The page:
[QODLink]
Inside Story

Can politics tame Iraq's militias?

As Iraq is embroiled in turmoil, chances of a political settlement look increasingly slim.

Last updated: 03 Jul 2014 02:39
Email Article
Print Article
Share article
Send Feedback

Armed fighters in Iraq have made large territorial gains recently. The Iraqi army, though, says it is mounting a counteroffensive to regain those areas now controlled by the group Islamic State.

On Wednesday, Prime Minister Nouri al-Maliki offered an amnesty to tribesmen who have fought against the government, but excluded anyone who had "killed and shed blood."

Maliki says he hopes to overcome the challenges facing the formation of a new government. He made his statement a day after the new parliament's first session ended with no agreement on the appointment of top government posts. This, despite international calls for a united front.

And it is precisely this sort of political bickering that observers say has allowed the Sunni armed rebellion to gain traction.

Can those same politicians convince armed groups to take part in the political process? Are the men with the guns even interested? Or will the fighting in Iraq simply kill the political process?

Presenter: Mike Hanna

Guests: 

Christopher Hill, former US ambassador to Iraq.

Saad Al-Muttalibi, former political adviser to the Iraqi government.

Wadah Khanfar, president of the Al Sharq Forum.

206

Source:
Al Jazeera
Email Article
Print Article
Share article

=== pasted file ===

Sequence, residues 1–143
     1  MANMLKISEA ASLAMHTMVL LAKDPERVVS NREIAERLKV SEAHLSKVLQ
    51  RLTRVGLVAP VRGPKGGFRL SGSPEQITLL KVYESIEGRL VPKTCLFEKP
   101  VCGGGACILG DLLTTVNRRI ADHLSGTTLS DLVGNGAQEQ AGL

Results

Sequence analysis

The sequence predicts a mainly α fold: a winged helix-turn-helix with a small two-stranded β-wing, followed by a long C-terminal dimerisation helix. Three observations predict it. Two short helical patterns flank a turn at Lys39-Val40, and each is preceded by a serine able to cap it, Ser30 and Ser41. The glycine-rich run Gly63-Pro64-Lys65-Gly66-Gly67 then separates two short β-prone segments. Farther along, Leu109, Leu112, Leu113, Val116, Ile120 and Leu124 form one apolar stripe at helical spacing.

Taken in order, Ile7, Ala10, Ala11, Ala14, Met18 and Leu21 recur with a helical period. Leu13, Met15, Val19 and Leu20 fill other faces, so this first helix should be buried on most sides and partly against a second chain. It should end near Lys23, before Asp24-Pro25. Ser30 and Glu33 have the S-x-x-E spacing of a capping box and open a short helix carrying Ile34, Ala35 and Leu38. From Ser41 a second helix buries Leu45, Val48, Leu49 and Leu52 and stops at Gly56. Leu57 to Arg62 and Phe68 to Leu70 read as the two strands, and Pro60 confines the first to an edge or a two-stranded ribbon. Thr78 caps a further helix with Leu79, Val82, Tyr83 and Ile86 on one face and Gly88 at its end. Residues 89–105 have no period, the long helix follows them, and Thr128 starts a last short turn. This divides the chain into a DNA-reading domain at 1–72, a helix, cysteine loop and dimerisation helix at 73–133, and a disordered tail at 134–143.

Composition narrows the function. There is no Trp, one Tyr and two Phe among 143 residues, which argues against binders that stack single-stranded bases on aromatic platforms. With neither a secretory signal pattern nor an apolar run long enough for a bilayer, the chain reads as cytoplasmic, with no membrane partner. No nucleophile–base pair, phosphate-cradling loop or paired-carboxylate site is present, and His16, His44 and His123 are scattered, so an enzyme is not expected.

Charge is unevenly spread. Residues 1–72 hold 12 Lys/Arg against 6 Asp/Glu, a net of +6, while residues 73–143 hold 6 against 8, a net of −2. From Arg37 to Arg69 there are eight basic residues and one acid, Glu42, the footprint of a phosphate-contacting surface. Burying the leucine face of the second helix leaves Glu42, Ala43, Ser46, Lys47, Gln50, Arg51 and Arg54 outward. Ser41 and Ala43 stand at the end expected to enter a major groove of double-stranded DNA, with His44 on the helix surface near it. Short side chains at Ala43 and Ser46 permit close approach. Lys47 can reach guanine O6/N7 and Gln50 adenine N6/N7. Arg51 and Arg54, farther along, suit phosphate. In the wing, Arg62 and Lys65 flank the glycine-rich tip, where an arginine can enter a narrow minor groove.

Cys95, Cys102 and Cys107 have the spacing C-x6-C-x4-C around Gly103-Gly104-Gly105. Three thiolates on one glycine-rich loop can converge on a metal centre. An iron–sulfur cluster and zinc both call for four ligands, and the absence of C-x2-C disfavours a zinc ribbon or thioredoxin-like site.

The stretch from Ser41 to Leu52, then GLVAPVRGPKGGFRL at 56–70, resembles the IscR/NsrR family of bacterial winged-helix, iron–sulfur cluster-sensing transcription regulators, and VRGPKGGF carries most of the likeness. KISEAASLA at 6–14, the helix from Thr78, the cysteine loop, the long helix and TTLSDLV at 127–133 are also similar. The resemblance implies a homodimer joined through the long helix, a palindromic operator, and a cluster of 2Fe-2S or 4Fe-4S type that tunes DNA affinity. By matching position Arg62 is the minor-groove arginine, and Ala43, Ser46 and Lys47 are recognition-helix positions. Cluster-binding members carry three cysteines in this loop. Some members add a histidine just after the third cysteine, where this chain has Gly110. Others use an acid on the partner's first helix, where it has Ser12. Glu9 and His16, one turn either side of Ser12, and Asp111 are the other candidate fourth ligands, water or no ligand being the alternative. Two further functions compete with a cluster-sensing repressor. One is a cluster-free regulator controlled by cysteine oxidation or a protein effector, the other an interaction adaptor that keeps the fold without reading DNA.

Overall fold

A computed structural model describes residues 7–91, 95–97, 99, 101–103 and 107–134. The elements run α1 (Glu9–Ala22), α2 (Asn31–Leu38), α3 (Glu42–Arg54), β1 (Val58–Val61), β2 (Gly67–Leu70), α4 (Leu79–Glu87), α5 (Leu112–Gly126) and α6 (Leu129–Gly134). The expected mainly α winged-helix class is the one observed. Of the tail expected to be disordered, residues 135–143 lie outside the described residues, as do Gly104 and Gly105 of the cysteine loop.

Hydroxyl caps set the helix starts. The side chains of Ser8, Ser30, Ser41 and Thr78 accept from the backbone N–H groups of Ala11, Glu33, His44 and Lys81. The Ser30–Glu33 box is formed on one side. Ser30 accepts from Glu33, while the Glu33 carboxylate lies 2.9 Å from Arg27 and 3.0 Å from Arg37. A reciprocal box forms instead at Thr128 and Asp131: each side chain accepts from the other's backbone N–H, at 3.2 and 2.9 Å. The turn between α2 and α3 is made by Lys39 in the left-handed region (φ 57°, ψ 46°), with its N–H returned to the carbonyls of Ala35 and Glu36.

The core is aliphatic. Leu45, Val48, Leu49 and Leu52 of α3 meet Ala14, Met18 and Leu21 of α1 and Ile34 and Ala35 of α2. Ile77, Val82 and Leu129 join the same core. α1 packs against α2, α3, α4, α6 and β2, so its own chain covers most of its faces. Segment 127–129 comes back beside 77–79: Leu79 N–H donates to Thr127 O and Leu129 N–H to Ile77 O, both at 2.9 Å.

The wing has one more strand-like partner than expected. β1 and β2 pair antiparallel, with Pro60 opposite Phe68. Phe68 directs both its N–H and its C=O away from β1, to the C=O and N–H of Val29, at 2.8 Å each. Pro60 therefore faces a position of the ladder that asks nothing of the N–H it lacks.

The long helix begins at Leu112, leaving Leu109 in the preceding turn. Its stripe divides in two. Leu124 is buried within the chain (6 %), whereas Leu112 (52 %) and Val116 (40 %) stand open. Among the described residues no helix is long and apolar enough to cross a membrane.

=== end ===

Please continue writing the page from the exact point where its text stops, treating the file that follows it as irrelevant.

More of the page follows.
Send Feedback
Topics in this article
People
Country
Organisation
Featured on Al Jazeera
Your chance to be an investigative journalist in Al Jazeera’s new interactive game.
An innovative rehabilitation programme offers Danish fighters in Syria an escape route and help without prosecution.
Street tension between radical Muslims and Holland's hard right rises, as Islamic State anxiety grows.
Take an immersive look at the challenges facing the war-torn country as US troops begin their withdrawal.
Featured
Despite 14-year struggle for a new mosque in the second-largest city, new roadblocks are erected at every turn.
Authorities and demonstrators have shown no inclination to yield despite growing economic damage and protest pressure.
Lebanese-born Rula Ghani may take cues from the modernising Queen Soraya, but she'll have to proceed with caution.
One of the world's last hunter-gatherer tribes has been forced from the forest it called home by a major dam project.
Chinese authorities scramble to cut off information on Hong Kong protests from reaching the mainland.
join our mailing list